Merkle-Damgård construction is a method of building collision-resistant cryptographic hash functions from collision-resistant one-way compression functions. This construction was used in the design of popular hash algorithms such as MD5, SHA1 and SHA2.

To make it easier to understand:

Merkle-Damgård constructs a variable-length collision resistant hash function $H$ from a fixed-length collision-resistant hash function $h$.

## Construction

Suppose:

• Block size is $l$.

• $h$ inputs length $2l$ and outputs length $l$.

• $H$ inputs $x$ whose length is $L$.

The construction is as follows:

1. Set block size $B = \lceil \frac{L}{l} \rceil$. Pad $x$ with $0$s so that its length is multiple of $l$. Now we have $l$-bit blocks $x_1, x_2, \dots, x_B$.

2. (Length Padding) Let $x_{B+1} = L$, where $L$ is encoded using exactly $l$ bits. Now we have $x_{B+1}$.

3. Let $z_0 = 0^l$. This is the initialization vector (IV).

4. For $i = 1, \dots, B+1$, compute $z_i = h(z_{i-1} \parallel x_i)$.

5. Output $z_{B+1}$.

A picture is more than a thousand words:

## Proof of security

Theorem: If $h$ is collision-resistant, then so is $H$.

Proof: We prove by contraposition. Suppose $H$ is not collision-resistant, which means we can easily find 2 different inputs $x \neq x'$ such that $H(x) = H(x')$. Let $x_1, \dots, x_{B+1}$ and $x'_1, \dots, x'_{B'+1}$ be the input blocks. Recall that $x_{B+1} = L$ and $x'_{B'+1} = L'$. There are 2 cases:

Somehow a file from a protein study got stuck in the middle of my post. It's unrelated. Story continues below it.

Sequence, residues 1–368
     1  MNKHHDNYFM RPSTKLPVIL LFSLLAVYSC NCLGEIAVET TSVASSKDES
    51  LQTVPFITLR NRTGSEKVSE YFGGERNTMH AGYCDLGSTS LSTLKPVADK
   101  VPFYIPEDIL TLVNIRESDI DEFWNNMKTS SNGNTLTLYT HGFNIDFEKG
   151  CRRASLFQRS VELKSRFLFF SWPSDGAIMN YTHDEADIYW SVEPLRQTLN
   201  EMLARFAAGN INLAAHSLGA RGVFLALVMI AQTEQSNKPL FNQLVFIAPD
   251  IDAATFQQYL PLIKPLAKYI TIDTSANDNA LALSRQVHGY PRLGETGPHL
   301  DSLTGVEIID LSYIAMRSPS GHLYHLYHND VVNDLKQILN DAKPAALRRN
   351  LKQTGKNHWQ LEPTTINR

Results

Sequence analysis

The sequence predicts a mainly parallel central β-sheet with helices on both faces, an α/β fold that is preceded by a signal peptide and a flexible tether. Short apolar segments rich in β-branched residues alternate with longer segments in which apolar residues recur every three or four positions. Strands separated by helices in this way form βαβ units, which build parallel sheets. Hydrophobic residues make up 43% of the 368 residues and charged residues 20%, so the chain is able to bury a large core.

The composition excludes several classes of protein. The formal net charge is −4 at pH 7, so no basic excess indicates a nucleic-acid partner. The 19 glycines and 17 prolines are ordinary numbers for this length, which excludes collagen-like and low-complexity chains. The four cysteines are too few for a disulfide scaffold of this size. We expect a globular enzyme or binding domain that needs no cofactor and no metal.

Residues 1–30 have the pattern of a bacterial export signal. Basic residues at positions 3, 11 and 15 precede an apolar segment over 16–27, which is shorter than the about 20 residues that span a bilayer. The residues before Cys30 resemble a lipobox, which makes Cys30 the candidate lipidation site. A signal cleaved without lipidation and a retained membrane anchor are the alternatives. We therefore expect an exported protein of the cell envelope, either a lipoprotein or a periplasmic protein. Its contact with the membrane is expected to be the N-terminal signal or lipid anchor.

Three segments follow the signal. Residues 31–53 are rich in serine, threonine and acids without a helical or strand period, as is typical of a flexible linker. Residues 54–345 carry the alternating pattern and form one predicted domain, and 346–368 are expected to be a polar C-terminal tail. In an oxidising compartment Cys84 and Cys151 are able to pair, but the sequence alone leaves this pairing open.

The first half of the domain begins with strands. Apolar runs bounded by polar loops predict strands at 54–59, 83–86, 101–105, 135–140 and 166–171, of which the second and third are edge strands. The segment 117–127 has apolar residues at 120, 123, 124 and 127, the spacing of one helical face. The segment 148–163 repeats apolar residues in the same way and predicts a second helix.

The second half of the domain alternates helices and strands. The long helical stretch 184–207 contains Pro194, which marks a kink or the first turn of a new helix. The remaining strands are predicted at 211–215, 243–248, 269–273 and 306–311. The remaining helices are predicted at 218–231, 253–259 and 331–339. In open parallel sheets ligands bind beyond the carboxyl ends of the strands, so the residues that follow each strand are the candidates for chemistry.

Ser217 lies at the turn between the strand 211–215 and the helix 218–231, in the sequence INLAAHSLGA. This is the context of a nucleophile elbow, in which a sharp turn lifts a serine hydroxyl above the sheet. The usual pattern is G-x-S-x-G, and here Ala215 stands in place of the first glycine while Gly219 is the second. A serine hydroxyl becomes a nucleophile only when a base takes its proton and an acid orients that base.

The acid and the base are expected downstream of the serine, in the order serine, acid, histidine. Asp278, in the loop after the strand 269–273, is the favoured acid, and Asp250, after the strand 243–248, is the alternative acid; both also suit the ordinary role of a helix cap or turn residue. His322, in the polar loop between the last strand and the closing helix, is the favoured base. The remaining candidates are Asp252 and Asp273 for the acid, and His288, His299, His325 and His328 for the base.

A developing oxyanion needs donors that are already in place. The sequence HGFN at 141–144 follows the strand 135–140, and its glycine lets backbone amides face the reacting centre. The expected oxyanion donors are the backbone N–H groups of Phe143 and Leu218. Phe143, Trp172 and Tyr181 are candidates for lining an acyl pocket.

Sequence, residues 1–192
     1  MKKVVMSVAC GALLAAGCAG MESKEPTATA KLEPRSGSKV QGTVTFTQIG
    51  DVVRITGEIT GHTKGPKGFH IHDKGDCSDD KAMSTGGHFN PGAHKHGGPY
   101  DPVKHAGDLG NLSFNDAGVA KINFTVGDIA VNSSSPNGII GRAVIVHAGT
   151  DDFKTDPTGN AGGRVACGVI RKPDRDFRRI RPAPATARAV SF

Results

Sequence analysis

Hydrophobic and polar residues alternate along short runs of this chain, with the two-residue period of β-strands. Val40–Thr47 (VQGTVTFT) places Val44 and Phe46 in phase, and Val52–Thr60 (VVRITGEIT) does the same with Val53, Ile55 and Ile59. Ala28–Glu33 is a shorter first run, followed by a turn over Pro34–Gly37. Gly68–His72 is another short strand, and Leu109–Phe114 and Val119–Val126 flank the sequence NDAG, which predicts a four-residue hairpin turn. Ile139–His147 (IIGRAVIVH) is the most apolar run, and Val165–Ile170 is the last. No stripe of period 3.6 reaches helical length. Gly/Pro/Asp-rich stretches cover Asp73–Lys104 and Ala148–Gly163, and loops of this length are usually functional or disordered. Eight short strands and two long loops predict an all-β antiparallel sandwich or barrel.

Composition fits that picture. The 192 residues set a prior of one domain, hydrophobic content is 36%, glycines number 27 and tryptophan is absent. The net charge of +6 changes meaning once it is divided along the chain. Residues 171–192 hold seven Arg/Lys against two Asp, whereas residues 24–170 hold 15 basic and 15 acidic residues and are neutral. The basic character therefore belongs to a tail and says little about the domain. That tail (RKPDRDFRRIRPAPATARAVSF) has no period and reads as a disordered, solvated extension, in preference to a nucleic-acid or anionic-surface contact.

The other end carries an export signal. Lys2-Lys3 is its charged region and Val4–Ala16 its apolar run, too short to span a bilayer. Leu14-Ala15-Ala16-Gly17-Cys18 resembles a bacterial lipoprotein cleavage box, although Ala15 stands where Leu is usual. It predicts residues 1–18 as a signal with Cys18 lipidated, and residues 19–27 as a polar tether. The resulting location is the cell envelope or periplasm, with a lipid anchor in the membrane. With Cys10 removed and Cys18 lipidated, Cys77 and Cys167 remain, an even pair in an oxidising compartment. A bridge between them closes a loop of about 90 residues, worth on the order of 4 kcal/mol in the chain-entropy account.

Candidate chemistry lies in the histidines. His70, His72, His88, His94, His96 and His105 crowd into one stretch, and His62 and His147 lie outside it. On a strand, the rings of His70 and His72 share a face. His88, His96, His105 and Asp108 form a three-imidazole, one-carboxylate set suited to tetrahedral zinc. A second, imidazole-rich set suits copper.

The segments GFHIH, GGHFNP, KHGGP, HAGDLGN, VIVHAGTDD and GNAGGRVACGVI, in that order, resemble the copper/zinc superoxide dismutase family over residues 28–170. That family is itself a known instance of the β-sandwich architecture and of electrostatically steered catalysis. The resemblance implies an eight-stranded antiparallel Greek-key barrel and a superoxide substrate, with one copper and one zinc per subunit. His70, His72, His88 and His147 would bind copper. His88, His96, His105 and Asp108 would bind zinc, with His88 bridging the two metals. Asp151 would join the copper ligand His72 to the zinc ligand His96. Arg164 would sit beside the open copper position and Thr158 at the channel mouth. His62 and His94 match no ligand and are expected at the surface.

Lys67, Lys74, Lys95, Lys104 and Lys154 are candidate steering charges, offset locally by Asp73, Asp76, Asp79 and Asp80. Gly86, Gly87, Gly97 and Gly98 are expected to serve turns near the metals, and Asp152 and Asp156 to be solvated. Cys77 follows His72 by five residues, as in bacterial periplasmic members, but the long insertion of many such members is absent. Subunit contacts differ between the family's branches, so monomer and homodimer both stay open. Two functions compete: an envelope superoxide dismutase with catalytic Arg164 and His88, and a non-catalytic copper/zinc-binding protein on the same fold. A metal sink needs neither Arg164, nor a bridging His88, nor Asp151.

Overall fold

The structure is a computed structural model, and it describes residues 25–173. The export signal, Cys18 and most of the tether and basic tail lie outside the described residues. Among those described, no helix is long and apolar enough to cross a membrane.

1. $L \neq L'$. In this case we only look at the last block:

Because $x_{B+1} = L \neq L' = x'_{B'+1}$, we have $z_B \parallel x_{B+1} \neq z'_{B'} \parallel x'_{B'+1}$. So we have found a collision for $h$.

2. $L = L'$. This implies $B = B'$. In this case we look backwards from the last block:

• We have $h(z_B \parallel x_{B+1} ) = z_{B+1} = H(x) = H(x') = z'_{B'+1} = h(z'_{B'} \parallel x'_{B'+1})$.

If $z_B \neq z'_{B'}$ or $x_{B+1} \neq x'_{B'+1}$, then we have found a collision for $h$. Else, we have $x_{B+1} = x'_{B'+1} = x'_{B+1}$ and:

• We have $h(z_{B-1} \parallel x_B) = z_B = z'_{B'} = h(z'_{B'-1} \parallel x'_{B'})$.

If $z_{B-1} \neq z'_{B'-1}$ or $x_B \neq x'_{B'}$, then we have found a collision for $h$. Else, we have $x_B = x'_{B'} = x'_B$ and:

• … Else, we have $x_1 = x'_1$. But if we get here, then $x_i = x'_i$ for all $i = 1, \dots, B+1$, which implies $x = x'$. This is a contradiction.